SPONDIAS PINNATA (L.f.) Kurz.

Synonyms: S. mangifrea Willd., S. acuminata Roxb., Mangifera pinnata L.f.

Family: Anacardiaceae

Bengali/Vernacular Name: Amra, Amna, Deshi-amra; Piala, Pial (Chittagong).

Tribal Name: Thoura (Mogh); Ambi-thong (Garo).

English Name: Wild Mango, Hog-plum

Description of the Plant:
A medium-sized deciduous tree, 9-10.5 m high, with a pleasant smell. Leaves imparipinnate, crowded at the end of branchlets, 30-45 cm long; leaflets 9-13 pairs, elliptic-oblong, 5-25 cm long, acuminate, entire. Flowers polygamous, small, yellowish green, in spreading terminal panicles. Fruit a drupe, ovoid, greenish-yellow when ripe, 4-5 cm long.

Using Information:
The bark is astringent and refrigerant; infusion of the bark is given in dysentery, diarrhoea and to prevent vomiting. Paste of the bark is used as an embrocation for both articular and muscular rheumatism. Decoction of the bark is given in gonorrhoea. Gum of the bark is demulcent. Roots are useful in regulating menstruation. The leaves are appetizing and astringent. Fruit possesses antiscorbutic and astringent properties; used in bilious dyspepsia. The unripe fruit is good for rheumatism and sore throat. Ripe fruit is tonic, aphrodisiac and astringent to the bowels; cures burning sensation.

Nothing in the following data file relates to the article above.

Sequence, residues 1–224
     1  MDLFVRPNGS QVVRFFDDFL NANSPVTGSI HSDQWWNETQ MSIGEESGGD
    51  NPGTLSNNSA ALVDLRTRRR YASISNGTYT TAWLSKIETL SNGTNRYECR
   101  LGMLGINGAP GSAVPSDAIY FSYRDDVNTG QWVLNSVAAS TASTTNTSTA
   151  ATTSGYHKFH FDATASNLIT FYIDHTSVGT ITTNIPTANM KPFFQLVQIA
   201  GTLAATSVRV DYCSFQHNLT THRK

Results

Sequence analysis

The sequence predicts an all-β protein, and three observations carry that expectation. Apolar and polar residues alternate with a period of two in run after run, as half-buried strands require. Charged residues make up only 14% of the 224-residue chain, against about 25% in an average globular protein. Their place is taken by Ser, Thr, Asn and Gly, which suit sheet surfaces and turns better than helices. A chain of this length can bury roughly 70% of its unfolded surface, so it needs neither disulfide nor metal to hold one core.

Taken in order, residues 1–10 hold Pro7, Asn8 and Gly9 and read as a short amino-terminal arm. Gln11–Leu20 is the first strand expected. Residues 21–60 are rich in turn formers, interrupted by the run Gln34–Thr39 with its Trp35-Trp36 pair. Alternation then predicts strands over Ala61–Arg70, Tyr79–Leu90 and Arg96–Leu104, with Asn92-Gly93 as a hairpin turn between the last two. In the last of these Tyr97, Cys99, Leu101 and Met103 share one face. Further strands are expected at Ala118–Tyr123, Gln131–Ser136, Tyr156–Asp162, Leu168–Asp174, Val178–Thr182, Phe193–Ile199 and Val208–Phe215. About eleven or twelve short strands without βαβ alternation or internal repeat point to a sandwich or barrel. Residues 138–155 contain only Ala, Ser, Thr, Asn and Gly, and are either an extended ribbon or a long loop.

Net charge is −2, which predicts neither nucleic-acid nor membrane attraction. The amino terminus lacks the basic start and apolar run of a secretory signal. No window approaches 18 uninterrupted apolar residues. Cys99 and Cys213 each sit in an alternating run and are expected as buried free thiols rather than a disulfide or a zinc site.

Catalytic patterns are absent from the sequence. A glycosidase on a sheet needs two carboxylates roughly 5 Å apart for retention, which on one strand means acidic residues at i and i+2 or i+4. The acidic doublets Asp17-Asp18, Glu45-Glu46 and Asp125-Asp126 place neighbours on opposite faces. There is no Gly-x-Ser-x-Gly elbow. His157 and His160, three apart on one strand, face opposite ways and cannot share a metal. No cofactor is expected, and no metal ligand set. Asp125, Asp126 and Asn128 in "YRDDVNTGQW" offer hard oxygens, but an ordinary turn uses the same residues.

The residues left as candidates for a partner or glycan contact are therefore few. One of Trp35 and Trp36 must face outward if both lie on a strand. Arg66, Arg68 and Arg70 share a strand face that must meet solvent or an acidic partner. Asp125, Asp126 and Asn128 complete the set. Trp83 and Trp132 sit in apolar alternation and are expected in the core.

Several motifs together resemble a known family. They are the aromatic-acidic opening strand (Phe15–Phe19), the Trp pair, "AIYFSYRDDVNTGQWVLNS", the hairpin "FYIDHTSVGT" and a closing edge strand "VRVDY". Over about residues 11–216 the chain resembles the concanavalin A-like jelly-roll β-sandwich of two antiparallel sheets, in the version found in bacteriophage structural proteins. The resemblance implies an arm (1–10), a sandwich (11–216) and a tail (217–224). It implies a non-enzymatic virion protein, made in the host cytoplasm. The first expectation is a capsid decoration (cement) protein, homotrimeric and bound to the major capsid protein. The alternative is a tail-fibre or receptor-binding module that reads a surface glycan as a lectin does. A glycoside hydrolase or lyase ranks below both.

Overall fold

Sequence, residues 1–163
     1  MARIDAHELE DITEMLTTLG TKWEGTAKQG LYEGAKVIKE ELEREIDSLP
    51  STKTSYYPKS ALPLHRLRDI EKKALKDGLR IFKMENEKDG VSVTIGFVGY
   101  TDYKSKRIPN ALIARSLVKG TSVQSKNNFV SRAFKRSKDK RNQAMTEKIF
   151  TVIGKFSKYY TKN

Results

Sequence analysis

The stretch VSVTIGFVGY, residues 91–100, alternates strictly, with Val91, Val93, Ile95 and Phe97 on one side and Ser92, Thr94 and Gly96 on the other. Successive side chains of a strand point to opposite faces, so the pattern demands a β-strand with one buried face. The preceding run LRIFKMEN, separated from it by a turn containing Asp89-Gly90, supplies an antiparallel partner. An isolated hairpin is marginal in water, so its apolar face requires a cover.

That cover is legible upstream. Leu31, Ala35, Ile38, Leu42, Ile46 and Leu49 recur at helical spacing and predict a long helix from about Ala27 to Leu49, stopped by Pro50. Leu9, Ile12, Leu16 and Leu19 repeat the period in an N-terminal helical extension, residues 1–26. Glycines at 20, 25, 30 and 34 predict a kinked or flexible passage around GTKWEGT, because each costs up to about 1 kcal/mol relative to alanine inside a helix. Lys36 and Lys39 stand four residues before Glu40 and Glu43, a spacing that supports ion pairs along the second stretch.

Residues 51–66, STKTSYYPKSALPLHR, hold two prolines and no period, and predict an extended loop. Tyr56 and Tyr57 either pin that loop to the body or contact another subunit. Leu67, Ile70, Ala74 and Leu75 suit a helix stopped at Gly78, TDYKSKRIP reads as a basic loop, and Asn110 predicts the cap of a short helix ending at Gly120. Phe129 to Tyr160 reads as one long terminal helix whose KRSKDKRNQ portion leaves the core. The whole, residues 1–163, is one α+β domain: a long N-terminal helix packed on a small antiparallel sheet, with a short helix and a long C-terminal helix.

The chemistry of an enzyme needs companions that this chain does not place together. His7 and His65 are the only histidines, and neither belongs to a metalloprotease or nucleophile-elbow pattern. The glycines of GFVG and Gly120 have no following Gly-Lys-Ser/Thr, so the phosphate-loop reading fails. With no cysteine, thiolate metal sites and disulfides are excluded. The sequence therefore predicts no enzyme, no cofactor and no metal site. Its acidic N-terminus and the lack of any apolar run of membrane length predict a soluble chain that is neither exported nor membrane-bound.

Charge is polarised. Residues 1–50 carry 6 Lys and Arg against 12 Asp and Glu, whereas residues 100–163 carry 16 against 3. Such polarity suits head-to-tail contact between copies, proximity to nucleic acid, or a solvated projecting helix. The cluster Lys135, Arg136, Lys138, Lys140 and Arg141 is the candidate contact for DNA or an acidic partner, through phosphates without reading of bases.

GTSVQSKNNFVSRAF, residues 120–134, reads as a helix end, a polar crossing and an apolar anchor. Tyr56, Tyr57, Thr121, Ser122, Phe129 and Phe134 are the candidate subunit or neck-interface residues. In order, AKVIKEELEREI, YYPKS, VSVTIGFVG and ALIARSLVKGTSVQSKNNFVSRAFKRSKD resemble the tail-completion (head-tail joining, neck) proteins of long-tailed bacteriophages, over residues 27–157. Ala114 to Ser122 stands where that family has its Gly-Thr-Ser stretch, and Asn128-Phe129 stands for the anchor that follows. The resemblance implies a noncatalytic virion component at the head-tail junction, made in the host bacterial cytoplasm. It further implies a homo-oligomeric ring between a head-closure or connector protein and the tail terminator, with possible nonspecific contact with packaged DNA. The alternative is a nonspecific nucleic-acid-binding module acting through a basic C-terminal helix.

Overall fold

Chemical Constituents:
Aerial parts have been found to contain 24-methylene cycloartenone, stigmast-4-en-3-one, β -sitosterol, glycoside of β-sitosterol and lignoceric acid. Fruits contain water-soluble polysaccharides, composed of mainly L-arabinose, D-galactose and galacturonic acid (Ghani, 2003). Presence of β-amyrin and oleanolic acid, glycine, cystine, serine, alanine and leucine have also been detected in the fruits of this plant (Rastogi & Mehrotra, 1993).


SPONDIAS PINNATA
SPONDIAS PINNATA (L.f.) Kurz.


Distribution:
Wild in the forests of Chittagong, Chittagong Hill Tract, Cox’s Bazar, Dhaka-Tangail, Sylhet and Dinajpur. Also found in village shrubberies throughout the country.


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Retutn to Medicinal Plants: Part S